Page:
People all over are talking about the end of Web 2.0 in favor of a new, distributed network of information. Some people even suggested that we should start building a Web 3.0. What are the main characteristics of this new paradigm? Here’s a short list:
- easier and cheaper, on a BusinessWeek article by Stephen Baker
- giving meaning to data, on a NY Times article by John Markoff
- much more useful than Web 2.0, on a blog post by Nick Carr
- the semantic web, on a blog post by Rod Boothby
Put simply, the new Web will be easier to the end-user and will make meaning out of data distributed across multiple services. More recently, an article by Bill Thompson on The Register caught my attention. Quoting the author:
We can start to build hybrid applications that use modular code and distributed services, some local, some remote.
True. We can do it right now. Web Services are widely available and everybody is starting to deploy them. RSS and other syndication formats are now mainstream. This means you can easily consume remote information and also produce it using remote scripting. But is this new Web going to kill AJAX and all the goodies that were developed in recent times? Not really. Quoting Anthony Cowley from the Arcadian Visions blog:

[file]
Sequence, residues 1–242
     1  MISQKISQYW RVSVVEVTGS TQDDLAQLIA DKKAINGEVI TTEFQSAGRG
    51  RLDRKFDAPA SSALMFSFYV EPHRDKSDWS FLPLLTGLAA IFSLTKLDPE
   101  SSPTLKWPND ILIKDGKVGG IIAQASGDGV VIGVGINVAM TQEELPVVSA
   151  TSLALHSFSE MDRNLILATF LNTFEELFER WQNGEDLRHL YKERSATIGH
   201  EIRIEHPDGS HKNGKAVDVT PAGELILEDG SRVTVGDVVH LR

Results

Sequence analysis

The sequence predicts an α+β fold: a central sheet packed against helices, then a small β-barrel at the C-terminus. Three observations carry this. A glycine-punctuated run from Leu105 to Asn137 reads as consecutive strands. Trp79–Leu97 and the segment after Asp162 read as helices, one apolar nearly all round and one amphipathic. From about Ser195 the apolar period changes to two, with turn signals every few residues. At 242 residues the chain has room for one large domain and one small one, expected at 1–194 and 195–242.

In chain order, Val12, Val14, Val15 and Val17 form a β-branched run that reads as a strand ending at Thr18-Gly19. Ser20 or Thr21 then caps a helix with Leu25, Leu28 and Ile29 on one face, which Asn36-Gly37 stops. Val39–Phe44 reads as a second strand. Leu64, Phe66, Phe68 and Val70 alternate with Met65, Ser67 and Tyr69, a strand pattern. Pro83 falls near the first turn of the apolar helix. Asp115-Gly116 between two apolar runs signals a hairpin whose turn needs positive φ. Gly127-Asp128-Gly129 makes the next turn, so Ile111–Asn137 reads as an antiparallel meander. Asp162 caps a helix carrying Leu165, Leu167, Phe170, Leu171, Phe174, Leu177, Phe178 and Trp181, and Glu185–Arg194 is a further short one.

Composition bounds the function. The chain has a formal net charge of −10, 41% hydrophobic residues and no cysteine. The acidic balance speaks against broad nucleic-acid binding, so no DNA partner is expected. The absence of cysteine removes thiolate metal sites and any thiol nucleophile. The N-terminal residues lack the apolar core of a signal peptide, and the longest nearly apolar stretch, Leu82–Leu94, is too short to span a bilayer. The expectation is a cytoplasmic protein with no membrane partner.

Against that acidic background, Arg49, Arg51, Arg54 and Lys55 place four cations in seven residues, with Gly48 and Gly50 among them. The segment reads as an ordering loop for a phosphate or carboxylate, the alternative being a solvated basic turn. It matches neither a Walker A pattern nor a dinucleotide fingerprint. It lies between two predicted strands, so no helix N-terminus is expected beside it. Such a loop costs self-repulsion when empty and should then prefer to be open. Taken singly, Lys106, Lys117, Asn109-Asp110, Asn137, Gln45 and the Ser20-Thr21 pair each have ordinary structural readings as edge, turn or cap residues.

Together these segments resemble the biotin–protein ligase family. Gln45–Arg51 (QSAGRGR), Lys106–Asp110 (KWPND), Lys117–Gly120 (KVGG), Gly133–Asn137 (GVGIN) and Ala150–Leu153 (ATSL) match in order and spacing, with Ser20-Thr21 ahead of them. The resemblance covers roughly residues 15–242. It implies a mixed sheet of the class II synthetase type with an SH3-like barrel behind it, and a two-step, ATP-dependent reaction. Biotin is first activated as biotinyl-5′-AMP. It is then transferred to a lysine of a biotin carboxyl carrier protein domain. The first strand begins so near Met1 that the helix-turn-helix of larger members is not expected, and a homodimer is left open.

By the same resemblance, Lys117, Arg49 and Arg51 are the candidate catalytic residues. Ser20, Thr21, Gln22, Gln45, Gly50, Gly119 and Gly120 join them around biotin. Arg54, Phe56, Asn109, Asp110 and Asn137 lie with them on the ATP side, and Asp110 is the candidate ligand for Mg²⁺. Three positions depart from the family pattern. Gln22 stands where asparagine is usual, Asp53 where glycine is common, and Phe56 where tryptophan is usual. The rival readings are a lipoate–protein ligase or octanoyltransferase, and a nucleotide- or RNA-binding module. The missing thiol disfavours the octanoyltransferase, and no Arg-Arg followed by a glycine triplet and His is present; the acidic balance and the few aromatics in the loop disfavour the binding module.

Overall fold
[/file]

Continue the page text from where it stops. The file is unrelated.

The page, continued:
The truth is that the future of the distributed-computing web (aka the unfolded web) may well be developed as an extraction from the Ajax-based interface distractions of today. The key to this progress is the growing division between the back-end and front-end necessitated by people’s desire for today’s dynamic interfaces.
This new Web is all about having access to data and being able to manipulate it and presenting using a variety of interfaces. It’s about being able to separate layout from content. It’s the Unfolded Web.